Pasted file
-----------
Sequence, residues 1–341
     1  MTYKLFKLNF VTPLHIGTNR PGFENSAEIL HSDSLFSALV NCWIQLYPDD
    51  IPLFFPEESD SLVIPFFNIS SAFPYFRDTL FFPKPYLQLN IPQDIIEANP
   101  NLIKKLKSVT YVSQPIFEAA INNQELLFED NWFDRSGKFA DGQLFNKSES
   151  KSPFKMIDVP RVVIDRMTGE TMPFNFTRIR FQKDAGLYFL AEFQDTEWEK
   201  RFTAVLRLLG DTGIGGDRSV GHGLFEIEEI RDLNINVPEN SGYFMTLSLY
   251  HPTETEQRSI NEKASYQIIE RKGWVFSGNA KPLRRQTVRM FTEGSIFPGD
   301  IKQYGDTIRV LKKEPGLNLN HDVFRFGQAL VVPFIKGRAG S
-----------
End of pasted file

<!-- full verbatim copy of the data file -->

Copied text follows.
Sequence, residues 1–341
     1  MTYKLFKLNF VTPLHIGTNR PGFENSAEIL HSDSLFSALV NCWIQLYPDD
    51  IPLFFPEESD SLVIPFFNIS SAFPYFRDTL FFPKPYLQLN IPQDIIEANP
   101  NLIKKLKSVT YVSQPIFEAA INNQELLFED NWFDRSGKFA DGQLFNKSES
   151  KSPFKMIDVP RVVIDRMTGE TMPFNFTRIR FQKDAGLYFL AEFQDTEWEK
   201  RFTAVLRLLG DTGIGGDRSV GHGLFEIEEI RDLNINVPEN SGYFMTLSLY
   251  HPTETEQRSI NEKASYQIIE RKGWVFSGNA KPLRRQTVRM FTEGSIFPGD
   301  IKQYGDTIRV LKKEPGLNLN HDVFRFGQAL VVPFIKGRAG S